24. Morton Leslie - September 6, 2008

    Seems like everyone wants their name back. It’s like they’ve all become the Bishop of Norwich only with names, not port. (Do you know the bishop?) No one cared what we called it in the 19th century or for that matter after prohibition. It was only when people stopped drinking sweet fortified wines worried about their waistlines, perhaps, that producers of Vinho do Porto started to blame their problems on anyone but themselves. I visited Oporto in the 1970’s and brought several bottles of Ficklin. I was the guest of Taylors. They were great hosts, lunches at the Factory House, (where they drink dry Dao red and white and most pass on the sweet stuff after), and never a word about our use of the word. The reason was that we were spreading the consumption of a wine type that they made and they appreciated we were building their market. They were perfectly comfortable with a label that said American Port or Australian Port or California Port. They were gentlemen.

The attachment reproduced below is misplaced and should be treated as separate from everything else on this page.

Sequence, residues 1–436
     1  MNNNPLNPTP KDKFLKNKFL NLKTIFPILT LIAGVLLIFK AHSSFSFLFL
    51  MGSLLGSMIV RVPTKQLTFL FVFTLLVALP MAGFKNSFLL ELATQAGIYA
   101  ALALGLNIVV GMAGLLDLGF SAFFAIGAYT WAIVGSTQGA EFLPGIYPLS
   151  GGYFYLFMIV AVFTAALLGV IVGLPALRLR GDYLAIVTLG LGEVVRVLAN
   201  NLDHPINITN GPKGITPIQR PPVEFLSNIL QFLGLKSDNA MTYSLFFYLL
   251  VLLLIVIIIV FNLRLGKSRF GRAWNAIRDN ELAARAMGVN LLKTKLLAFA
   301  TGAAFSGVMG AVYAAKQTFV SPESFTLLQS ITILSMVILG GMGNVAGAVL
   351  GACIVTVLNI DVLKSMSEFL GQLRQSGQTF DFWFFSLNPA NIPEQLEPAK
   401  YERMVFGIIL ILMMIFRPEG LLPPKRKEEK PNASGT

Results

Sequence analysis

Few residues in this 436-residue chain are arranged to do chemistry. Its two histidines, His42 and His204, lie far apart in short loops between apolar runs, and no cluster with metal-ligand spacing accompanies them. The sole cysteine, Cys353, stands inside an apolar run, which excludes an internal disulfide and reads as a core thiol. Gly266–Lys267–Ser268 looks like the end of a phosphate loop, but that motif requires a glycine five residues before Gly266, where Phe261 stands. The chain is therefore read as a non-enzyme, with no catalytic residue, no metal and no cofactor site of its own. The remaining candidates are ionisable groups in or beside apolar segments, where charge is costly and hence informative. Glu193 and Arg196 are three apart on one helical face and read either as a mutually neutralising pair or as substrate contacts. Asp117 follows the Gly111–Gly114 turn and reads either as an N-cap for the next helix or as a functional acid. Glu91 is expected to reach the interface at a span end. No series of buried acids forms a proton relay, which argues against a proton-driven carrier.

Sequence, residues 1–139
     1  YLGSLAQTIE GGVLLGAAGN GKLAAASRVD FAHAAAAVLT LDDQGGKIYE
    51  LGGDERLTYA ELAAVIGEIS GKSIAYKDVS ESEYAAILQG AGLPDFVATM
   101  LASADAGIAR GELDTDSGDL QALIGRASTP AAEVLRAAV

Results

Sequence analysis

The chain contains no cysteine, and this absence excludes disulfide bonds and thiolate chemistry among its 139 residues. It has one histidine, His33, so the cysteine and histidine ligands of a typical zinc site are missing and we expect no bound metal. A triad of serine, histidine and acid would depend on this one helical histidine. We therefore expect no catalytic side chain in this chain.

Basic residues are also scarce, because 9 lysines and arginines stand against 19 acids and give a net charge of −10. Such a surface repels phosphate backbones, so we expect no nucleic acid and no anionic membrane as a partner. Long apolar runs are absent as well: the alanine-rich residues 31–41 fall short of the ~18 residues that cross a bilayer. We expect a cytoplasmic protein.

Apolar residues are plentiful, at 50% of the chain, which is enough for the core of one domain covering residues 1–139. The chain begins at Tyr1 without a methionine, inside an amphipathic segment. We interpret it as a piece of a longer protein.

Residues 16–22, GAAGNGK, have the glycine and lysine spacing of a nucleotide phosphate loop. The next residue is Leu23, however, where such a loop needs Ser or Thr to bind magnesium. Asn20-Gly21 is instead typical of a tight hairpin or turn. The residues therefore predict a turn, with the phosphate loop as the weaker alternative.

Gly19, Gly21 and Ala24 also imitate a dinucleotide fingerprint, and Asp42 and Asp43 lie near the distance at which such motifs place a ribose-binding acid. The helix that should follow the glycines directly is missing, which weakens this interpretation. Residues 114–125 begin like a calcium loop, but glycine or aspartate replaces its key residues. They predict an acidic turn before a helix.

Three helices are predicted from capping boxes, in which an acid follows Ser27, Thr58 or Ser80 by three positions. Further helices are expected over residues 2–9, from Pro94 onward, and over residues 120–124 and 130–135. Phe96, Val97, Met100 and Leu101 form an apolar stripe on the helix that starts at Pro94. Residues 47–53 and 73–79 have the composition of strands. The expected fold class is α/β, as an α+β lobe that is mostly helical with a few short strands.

Taking back the word for wine makes as much sense as taking back the name for the place we park our boats or the side of the boat we kept towards the harbor. One might argue there would be no such thing as port if not for the English. But hell, I say give them their name back. They will find that still no one will drink their wine. I have an unopened case of ‘67 Taylor Vargellas and the reason it is unopened is that I have cases of port whose sole purpose seems to extract lead from my Baccarat decanters.